UNITED NATIONS, Oct 1 : The Palestinian flag was raised at the United Nations in a symbolic gesture on Wednesday as leader Mahmud Abbas called on the world body to grant them full membership, warning the risk of religious conflict.
UN Secretary General Ban Ki-moon and Abbas presided over the packed, slightly chaotic ceremony against a backdrop of stalemate in the peace process and escalating tensions at holy sites in Jerusalem.
"In this historical moment, I say to my people everywhere: raise the flag of Palestinians very high because it is the symbol of our identity," the 80-year-old Abbas told the crowd. "It is a proud day." Israel and the United States, which voted against the flag-raising, have called it a symbolic move that will not serve the cause of peace.
On Wednesday, the Diplomatic Quartet agreed at talks in New York to revitalize the quest for a political settlement, warning that facts on the ground were "dangerously imperilling" a possible two-state solution. "Now is the time to restore confidence by both Israelis and Palestinians for a peaceful settlement and, at last, the realization of two states for two peoples," Ban told the ceremony.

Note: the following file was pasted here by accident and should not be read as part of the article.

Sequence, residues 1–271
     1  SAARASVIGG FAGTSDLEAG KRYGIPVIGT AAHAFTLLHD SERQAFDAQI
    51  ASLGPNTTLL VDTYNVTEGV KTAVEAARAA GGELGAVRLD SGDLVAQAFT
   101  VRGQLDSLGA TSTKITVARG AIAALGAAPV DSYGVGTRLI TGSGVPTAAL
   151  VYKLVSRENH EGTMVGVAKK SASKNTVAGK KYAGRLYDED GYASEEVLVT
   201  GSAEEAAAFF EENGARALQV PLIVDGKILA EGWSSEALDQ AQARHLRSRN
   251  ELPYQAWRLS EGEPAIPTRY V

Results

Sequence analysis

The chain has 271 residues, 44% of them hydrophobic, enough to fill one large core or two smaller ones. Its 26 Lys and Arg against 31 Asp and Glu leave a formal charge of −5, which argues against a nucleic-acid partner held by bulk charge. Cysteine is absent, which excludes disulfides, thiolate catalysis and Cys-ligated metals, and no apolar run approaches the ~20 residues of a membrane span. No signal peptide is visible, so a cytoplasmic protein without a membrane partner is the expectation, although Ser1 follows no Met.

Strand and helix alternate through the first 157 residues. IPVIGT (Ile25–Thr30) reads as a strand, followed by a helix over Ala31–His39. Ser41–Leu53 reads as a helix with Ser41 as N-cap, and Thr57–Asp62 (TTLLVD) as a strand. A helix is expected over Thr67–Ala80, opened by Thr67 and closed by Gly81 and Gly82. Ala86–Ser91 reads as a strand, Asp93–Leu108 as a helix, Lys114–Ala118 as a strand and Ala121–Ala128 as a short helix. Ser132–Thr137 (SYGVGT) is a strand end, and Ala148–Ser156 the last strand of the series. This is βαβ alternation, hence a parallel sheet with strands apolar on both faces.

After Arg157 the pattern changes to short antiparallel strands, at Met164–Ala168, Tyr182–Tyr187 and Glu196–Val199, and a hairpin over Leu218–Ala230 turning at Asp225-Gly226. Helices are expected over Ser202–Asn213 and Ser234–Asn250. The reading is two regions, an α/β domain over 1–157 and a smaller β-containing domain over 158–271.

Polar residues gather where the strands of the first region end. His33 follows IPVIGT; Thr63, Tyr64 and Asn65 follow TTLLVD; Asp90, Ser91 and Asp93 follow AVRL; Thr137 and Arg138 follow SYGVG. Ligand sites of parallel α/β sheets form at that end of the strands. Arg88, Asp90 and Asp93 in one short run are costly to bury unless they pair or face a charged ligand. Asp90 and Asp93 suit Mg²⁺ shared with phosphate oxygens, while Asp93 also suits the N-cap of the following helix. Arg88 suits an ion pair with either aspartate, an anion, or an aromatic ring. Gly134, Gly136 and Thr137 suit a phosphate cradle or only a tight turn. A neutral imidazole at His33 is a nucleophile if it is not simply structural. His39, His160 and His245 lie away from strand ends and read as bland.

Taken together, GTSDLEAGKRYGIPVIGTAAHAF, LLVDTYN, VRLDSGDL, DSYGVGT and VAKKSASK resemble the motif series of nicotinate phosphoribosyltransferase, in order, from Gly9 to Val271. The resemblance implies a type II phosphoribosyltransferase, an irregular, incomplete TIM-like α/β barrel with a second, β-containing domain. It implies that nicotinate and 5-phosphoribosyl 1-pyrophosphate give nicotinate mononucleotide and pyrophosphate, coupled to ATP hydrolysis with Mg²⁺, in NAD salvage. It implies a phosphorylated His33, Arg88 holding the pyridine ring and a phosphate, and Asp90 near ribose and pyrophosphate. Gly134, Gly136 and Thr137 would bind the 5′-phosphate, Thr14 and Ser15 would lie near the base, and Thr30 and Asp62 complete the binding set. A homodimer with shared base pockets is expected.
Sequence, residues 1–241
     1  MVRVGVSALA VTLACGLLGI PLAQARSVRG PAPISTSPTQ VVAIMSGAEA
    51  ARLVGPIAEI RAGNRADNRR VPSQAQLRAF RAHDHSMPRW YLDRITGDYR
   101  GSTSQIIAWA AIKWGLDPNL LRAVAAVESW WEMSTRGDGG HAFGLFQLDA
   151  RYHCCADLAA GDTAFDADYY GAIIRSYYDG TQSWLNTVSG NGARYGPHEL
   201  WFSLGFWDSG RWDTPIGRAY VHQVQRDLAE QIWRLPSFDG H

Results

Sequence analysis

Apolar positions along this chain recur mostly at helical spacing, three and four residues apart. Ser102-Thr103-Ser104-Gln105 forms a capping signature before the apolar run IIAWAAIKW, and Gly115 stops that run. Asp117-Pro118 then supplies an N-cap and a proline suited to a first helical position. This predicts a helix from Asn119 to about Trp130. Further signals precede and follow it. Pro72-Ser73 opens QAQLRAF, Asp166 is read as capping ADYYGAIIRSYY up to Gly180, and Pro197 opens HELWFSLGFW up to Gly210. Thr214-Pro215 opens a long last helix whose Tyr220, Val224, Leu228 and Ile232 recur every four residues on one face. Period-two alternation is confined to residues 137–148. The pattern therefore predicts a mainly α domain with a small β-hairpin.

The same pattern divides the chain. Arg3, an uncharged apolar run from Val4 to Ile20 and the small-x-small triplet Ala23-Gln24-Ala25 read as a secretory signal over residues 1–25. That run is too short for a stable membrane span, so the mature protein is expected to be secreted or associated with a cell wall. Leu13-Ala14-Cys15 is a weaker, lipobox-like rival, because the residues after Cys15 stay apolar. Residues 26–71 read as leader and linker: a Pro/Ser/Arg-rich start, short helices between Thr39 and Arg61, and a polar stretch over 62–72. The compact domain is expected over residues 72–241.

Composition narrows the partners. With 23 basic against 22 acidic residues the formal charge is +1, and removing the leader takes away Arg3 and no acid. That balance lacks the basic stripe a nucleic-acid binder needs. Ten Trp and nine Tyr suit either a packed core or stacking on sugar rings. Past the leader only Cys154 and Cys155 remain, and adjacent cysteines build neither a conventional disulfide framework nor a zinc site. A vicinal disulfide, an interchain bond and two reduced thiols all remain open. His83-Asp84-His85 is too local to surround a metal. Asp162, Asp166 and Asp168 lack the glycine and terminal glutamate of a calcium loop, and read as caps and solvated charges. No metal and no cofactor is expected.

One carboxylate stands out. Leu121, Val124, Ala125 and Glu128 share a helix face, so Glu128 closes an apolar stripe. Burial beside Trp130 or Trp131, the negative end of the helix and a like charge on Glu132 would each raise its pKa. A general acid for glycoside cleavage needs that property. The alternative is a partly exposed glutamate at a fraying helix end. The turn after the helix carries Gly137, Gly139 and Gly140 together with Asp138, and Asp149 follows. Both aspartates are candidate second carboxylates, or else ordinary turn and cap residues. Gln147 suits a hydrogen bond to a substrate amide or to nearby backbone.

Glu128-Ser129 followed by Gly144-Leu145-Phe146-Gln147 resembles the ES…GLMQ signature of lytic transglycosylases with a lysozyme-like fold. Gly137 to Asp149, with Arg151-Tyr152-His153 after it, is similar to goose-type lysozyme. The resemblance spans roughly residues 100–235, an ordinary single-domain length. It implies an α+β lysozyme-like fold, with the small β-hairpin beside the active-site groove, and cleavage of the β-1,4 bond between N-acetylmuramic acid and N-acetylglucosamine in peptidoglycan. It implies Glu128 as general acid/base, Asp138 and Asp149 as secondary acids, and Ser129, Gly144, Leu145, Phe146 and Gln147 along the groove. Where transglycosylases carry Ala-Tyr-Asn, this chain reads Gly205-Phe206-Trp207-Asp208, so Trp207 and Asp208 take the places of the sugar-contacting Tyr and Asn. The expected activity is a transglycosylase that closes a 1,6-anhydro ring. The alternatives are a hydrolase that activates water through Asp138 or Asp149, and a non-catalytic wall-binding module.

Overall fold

The crowd, which included French Foreign Minister Laurent Fabius, diplomats from around the world and journalists, cheered when the red, black, white and green Palestinian flag fluttered in the gentle breeze.
In Ramallah, the seat of the Palestinian Authority in the occupied West Bank, hundreds of people gathered to watch the flag-raising and Abbas's speech, cheering loudly and waving flags as he spoke.
The General Assembly voted September 10 to allow the flags of Palestine and the Vatican -- both have observer status -- to be raised at the world body alongside those of member states.
The resolution was backed by 119 countries, with 45 abstentions and eight votes against, including Australia, Israel and the United States. Israeli Prime Minister Benjamin Netanyahu denounced his speech as "deceitful" and accused Abbas's words of encouraging "incitement and destruction in the Middle East. ?AFP